Brussels, 31January 2008
"Independent regulators are the backbone of an efficient regulatory system and of fair regulation in the interests of competition and consumers. This is why the Commission cannot tolerate violations of the independence of national telecoms regulators required by EU law," said Viviane Reding, the EU Telecoms Commissioner. "I therefore regret that I have to refer Poland today to the European Court of Justice for the continued lack of independence of the Polish telecoms regulator. Also the Luxembourg's regulator will need to ensure that there is a clear division of responsibilities between regulatory and ownership functions – otherwise, we will also need to take Luxembourg to the European Court of Justice very soon. On the positive side, I note that Slovakia meanwhile has reacted to the Commission's concerns and has amended its national legislation to ensure that the Slovak regulator is independent to perform its tasks efficiently. This is a change that will improve competition in Slovakia and ensure that telecoms customers in Slovakia will get a better deal in the future."
As a result of decisions adopted by the Commission yesterday, Poland will now be taken to the European Court of Justice as legislative changes introduced in August 2006 still do not ensure the full independence of the Polish regulator, as required by European rules. The Polish government still controls significant shareholdings in a number of telecoms companies and the President of the Council of Ministers has unlimited discretion to dismiss the head of the national regulator therefore undermining its effectiveness.
The Commission has also sent a letter of formal notice (the first stage of an infringement proceeding) to Luxembourg for the lack of independence of its regulator. Officials there are currently exercising both regulatory functions and management functions for an operator.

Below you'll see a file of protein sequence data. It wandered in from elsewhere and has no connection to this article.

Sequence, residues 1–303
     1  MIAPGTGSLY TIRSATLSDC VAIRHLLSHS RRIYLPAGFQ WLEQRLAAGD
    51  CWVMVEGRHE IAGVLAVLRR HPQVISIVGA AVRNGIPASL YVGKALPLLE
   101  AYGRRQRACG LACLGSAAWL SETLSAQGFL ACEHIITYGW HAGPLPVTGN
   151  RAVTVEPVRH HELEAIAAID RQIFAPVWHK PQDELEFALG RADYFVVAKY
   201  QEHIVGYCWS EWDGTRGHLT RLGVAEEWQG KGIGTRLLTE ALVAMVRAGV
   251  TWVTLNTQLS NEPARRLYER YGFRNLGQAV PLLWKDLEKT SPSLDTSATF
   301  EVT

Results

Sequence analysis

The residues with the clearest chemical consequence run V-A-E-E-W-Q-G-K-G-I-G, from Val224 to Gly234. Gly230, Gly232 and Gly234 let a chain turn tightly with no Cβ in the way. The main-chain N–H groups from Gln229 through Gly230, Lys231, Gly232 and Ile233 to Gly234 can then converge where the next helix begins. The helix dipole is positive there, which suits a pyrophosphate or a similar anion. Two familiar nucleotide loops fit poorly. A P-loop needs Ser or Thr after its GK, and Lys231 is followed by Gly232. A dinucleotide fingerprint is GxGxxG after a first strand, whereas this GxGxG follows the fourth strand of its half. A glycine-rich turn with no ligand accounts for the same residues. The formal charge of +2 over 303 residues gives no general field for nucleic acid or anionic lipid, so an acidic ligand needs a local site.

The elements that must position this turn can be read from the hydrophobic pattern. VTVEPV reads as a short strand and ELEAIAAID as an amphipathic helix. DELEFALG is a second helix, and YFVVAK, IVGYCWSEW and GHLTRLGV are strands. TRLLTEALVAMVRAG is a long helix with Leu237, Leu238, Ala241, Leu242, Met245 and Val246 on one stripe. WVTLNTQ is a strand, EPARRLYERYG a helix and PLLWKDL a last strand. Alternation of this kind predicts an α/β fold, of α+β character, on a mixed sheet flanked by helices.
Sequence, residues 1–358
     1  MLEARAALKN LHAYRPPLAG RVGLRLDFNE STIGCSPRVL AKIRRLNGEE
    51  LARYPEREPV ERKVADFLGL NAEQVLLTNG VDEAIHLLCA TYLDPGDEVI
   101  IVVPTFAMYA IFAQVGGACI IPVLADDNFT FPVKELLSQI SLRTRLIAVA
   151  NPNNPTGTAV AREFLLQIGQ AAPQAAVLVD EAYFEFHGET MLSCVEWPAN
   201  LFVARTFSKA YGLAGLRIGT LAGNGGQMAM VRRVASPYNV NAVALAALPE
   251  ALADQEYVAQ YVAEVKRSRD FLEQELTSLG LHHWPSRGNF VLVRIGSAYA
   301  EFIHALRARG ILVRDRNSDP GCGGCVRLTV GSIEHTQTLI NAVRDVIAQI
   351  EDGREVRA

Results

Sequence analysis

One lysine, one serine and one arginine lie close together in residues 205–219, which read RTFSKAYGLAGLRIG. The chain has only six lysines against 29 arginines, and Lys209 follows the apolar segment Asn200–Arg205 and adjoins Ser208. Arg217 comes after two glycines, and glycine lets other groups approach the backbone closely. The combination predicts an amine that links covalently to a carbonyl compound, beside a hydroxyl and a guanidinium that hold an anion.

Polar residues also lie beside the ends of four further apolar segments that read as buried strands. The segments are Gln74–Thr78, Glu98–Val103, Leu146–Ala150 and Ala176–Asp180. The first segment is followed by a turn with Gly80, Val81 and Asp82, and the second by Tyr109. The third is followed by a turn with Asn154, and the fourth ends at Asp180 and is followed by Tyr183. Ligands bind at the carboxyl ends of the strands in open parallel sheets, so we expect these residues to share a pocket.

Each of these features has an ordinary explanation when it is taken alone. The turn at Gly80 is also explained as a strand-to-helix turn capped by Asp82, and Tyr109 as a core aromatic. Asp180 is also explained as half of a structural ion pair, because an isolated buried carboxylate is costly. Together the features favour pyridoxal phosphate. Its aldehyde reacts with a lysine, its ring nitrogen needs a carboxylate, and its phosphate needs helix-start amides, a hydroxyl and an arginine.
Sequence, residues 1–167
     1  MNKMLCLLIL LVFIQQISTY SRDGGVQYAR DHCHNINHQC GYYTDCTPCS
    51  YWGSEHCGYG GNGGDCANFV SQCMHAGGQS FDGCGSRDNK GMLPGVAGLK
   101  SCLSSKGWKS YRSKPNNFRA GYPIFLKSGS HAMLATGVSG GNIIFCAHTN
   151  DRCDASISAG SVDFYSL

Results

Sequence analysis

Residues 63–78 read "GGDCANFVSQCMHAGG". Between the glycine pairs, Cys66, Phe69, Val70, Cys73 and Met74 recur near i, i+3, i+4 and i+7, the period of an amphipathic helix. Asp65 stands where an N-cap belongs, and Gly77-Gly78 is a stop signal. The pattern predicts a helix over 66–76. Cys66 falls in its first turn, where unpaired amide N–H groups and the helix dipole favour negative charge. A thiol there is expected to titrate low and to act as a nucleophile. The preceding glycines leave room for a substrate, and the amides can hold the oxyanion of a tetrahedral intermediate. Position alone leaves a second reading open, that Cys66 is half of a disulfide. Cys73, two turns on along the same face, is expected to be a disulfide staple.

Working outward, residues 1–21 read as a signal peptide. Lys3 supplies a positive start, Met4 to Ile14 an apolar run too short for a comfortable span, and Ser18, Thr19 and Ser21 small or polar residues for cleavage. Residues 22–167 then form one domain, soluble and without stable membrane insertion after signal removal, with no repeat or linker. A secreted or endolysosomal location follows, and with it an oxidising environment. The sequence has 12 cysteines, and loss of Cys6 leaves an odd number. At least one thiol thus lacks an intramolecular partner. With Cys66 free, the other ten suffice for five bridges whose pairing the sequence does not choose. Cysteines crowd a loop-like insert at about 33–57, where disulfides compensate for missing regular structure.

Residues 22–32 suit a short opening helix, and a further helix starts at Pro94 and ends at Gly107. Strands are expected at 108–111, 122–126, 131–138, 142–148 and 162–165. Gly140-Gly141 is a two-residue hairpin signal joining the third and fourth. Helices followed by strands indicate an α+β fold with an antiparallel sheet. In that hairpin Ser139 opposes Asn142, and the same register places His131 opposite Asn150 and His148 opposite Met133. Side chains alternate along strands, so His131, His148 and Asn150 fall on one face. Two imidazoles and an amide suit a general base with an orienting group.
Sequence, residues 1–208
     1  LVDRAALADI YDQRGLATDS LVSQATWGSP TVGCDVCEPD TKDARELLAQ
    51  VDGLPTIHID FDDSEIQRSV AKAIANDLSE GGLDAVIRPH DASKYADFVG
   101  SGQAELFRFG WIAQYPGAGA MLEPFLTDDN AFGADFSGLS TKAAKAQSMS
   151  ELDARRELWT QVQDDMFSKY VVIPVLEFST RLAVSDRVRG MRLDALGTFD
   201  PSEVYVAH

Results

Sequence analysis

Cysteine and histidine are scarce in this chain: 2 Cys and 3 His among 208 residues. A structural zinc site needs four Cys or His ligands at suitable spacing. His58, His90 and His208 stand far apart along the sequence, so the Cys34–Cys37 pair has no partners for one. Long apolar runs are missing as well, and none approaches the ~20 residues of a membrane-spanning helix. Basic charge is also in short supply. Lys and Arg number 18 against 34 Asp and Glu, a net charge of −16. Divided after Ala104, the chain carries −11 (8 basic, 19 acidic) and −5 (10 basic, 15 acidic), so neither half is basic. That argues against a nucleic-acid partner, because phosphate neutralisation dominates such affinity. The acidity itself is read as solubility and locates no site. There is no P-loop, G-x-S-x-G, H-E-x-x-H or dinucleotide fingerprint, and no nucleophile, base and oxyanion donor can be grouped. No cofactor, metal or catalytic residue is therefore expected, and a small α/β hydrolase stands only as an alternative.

The case against Slovakia was closed since the Ministry’s shareholding in the incumbent has been moved to another body, thereby ensuring the separation of regulatory and management functions.
Belgium is being taken to the Court of Justice concerning Universal Service. Problems related to the financial mechanism for social tariffs remain and concern the calculation of net costs and the unfair burden on operators in particular. Meanwhile, a case has been opened against Poland where legislation on consumer contracts has a wider scope than the provisions of the Universal Service Directive. The Universal Service Directive gives the right to subscribers to withdraw from their contracts, without penalty, in case of modifications made to their contracts.
Poland has also been sent a reasoned opinion for retaining broadband retail regulation without conducting the market analysis required under EU law. The other two reasoned opinions concern Portugal and Cyprus. The former relates to an a priori exclusion of operators other than the incumbent for the provision of universal service, thereby failing to ensure an open selection procedure, while the latter concerns difficulties in obtaining rights of way for mobile operators
The Commission was able to close proceedings against Belgium, Denmark, Germany, Luxembourg, Latvia and Portugal since their first round of market analysis was considered complete. The case against Belgium concerning the must-carry regime for cable operators in the French speaking community (see IP/06/948) was also closed since the relevant legislation was annulled by the Belgian constitutional court.
A detailed overview of the state of infringement proceedings is available on the implementation and enforcement website of DG Information Society and Media: http://ec.europa.eu/information_society/policy/ecomm/implementation_enforcement/infringement/
See also MEMO/08/67